Aliran expression was no doubt manipulated and in some ways suppressed under the New Order, however the strength of its re-emergence in this immediate post-Suharto period is sufficient proof that Geertz's much-criticised abangan-santri-priyayi categorisation has remained virtually unchanged to this day. There are only three serious political leaders who have emerged since the fall of Suharto: Megawati Sukarnoputri, representing the abangan stream, M. Amien Rais, representing the santri, and B.J. Habibie, who could be seen to be temporarily representing the priyayi tendency. Whilst a number of minor oppositionist leaders have also emerged, most of whom seek to stake out an imagined liberal `labour' constituency, these cannot be considered serious contenders for power, and will remain mere side-shows for the media and for those observers outside of Indonesia who perhaps more readily identify with such parties. These parties - such as Mochtar Pakpahan's Serikat Buruh Sejahtera Indonesia and Sri Bintang's group - may well have some influence in Jakarta, especially amongst `radical' academics and some of Jakarta's tiny industrial working class, however they themselves acknowledge that ultimately they will be in coalition with the abangan stream led by Megawati.
Megawati's political strategy both prior to and after Suharto's fall has been one of studied silence. Up until recently this strategy has been highly successful in concentrating the minds of a significant section of the Javanese population upon her, both despite and because of a media blackout. This produced a `shadow-effect' across the entire political landscape, slowly and relentlessly increasing in size as the sun set upon the New Order. Megawati became the silent nemesis, displaying exceedingly great power with seemingly no effort, and clearly her entire being was concentrated towards Suharto's fall. In the minds of many Javanese this steady increase in Megawati's apparent `power' must have a corresponding decrease somewhere else in the universe, most obviously Suharto's. As Anderson (1972) observes, in the Javanese view, the cosmos is neither expanding nor contracting, and therefore the total amount of power within the universe remains constant. What does change is its distribution within the universe.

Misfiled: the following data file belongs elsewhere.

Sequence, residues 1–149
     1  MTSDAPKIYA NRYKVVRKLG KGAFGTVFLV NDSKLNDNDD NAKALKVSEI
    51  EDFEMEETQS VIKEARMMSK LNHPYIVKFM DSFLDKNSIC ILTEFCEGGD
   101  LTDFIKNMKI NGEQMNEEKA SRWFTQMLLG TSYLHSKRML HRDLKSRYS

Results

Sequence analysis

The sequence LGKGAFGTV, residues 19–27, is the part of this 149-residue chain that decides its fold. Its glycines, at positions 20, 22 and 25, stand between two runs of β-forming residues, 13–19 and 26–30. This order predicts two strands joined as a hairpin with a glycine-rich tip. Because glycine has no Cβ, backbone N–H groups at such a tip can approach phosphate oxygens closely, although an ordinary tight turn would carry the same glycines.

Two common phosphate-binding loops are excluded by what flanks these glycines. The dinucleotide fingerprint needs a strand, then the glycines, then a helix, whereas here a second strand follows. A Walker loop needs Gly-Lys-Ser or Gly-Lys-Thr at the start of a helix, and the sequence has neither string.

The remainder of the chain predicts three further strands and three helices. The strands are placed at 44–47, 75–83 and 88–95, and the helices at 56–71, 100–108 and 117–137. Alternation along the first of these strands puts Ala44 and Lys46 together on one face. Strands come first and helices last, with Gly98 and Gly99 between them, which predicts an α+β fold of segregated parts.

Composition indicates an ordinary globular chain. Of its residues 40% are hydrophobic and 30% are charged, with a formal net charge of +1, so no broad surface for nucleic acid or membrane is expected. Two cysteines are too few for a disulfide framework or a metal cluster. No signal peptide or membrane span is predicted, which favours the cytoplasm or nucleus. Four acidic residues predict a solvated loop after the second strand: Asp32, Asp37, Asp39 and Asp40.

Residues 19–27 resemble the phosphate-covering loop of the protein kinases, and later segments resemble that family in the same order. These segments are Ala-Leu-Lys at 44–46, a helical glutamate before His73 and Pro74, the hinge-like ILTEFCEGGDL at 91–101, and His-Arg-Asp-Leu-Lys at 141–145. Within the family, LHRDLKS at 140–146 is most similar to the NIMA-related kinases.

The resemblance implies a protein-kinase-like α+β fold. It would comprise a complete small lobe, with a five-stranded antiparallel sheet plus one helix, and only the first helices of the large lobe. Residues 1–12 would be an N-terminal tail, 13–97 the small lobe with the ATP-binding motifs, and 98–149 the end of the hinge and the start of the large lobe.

What matters in this discussion is not whether such conceptions and beliefs are inherently `true' or `untrue', but that these conceptions are believed to be self-evident truths by most Javanese within the framework of their own worldview, which is to say, the basic cultural/cosmological assumptions through which the world and it's events are interpreted. If an act or event is viewed as symbolic, then it automatically becomes symbolic. If Merapi erupts, then many Javanese may well think that this is a sign of impending doom for the incumbent ruler. Even among the apparently well educated, deep-seated beliefs such as this are difficult to shift. As a comparison, within Western societies similar deep-seated superstitions also exist; in some newer Australian suburbs, house number 13 is frequently `skipped' because it would be difficult to sell, even to the most rational and sceptical buyer, not because he/she secretly believes in this superstition, but that he/she knows that other people in society believe this, so the house would therefore be difficult to re-sell. This kind of belief or superstition thus tends to become self-perpetuating and self-fulfilling.